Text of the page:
From left: Diane Johnson, Sharrie Wade, Kathy Klinger and Jill… (Barbara Haddock Taylor,…)
When she was fresh out of nursing school in the early 1970s, the last thing Mary Fridley expected to do with her life was work with the elderly.
"How depressing would that be?" she says she thought at the time.
Then she took a temporary job at a nursing home, where she met the Caroler.
She doesn't remember his name, but Fridley could not recall the man more clearly. He was so far along in his dementia that he needed caregivers to feed him. He had such a bad habit of scraping his knuckles on things that he had to wear mittens. He never spoke.
"His family never visited, so we knew very little about him," Fridley says.
Like the rest of the staff, she found him difficult — until one holiday season, when a school choir came to perform. As they launched into a carol, the man began to sing.
"He knew all the words, and he had the most beautiful voice I have ever heard," says Fridley, an Annapolis resident and president of Gero-Resources, a private firm that advocates for caregivers for the elderly. "From then on, whenever we wanted to communicate with him, we'd sing carols, whether it was winter or the middle of July. And it helped."
Just last week, Fridley finished teaching "Living in the Land of Oz," a three-part educational series on dementia for Anne Arundel County caregivers. Among its many lessons was the insight that changed her: As frustrating as every case can be, the most helpful thing a caregiver can do is to find the language a dementia sufferer can understand, then speak it.
"They're in their own world, but we can make contact with them," she says. "It's a matter of finding the key."
The process can feel odd and be exhausting, Fridley told the family and professional caregivers who took part in the series, one of dozens she has conducted through the county's Department of Aging and Disabilities.
But she long ago gave up the notion that dealing with older people and their illnesses is dispiriting. "I saw how badly [those residents] needed to communicate," she says. "How can we not reach out?"
Yellow brick road
In a conference room at the Pasadena Senior Center, 15 class members sit along three long tables, their lecturer in front.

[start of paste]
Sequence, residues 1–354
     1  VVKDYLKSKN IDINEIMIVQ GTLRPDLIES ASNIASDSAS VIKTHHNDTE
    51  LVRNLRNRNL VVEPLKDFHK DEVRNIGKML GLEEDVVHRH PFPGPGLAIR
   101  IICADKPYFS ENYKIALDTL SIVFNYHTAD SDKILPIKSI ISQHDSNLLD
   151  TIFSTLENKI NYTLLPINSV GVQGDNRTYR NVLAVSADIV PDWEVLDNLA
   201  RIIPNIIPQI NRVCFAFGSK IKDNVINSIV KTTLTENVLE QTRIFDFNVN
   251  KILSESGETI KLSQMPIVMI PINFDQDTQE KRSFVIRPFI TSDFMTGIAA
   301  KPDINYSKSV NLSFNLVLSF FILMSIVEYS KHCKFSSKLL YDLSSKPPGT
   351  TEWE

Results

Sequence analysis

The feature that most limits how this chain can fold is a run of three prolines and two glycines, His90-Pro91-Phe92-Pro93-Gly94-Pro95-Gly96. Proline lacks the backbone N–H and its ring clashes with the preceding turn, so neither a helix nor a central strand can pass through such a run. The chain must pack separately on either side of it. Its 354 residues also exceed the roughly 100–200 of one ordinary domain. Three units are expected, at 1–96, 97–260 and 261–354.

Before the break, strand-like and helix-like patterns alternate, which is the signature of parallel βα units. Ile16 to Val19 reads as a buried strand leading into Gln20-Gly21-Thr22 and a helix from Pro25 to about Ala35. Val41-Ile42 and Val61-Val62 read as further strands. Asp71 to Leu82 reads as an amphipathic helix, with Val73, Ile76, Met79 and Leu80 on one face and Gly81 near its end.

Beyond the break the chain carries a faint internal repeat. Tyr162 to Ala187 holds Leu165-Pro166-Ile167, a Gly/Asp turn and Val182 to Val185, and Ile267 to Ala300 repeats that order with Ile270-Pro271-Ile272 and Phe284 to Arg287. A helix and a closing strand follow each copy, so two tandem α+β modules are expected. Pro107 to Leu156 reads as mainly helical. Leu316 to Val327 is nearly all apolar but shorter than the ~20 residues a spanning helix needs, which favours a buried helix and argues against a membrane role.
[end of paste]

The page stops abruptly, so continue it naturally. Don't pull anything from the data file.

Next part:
"We're going to have fun today," says Fridley, an energetic woman who has the manner of an encouraging social studies teacher. "Now, how was everyone's week?"
"Long," says Bob Bankey of Pasadena in a weary voice.
Small wonder. Sessions taught by Fridley include time for students to share their experiences, and within a half-hour, Bankey has told a story of his elderly mother, an Alzheimer's sufferer who once wandered away while shopping at a grocery store, only to be driven home by a kind stranger.
"They had a helicopter and 11 police officers looking for her before my father or I knew she was missing," Bankey says.
A woman in the class describes her mother-in-law, who has lost the ability to wash herself but refuses help. Another tells of an elderly father who went for walks in the middle of the night — wearing only shoes and socks. Another says her octogenarian mother howls intermittently, for no apparent reason.
"All [these] behaviors are emotionally driven, and all are expressions of some kind of need," Fridley says. "Keep in mind, this is not their fault. Try to think, 'That's not my mother [causing the problems]; that's not my spouse. It's the disease.'"
Fridley, a registered nurse who is board-certified in gerontology and has lectured on caregiving for the elderly for more than 20 years, titled her series "Living in the Land Of Oz" because, in her view, when dementia strikes in a family, it's a lot like the tornado touching down in Dorothy's hometown: It upends everything and leaves all concerned in a wholly new reality. Her sessions help codify the new rules.
The first, "We're Not in Kansas Anymore," which met in early December, was largely informational: Fridley named and described the major forms of dementia (scientists have identified more than 70), the ways in which they progress and the courses of treatment in use.
"I always thought the terms 'dementia' and 'Alzheimer's' were interchangeable," says Joseph Anthony of Pasadena, who has been caring for his dementia-impaired father for months. "Now I realize 'dementia' is an umbrella term, and Alzheimer's is just one form of it."
The second, "Follow the Yellow Brick Road," stressed behavior management. Dementia sufferers live in an isolated and frightening world, Fridley taught, and caregivers should be aware of techniques that can bridge the gap: making and keeping eye contact while talking, using respectful touch, removing background noise, engaging sufferers in conversation about things they do remember.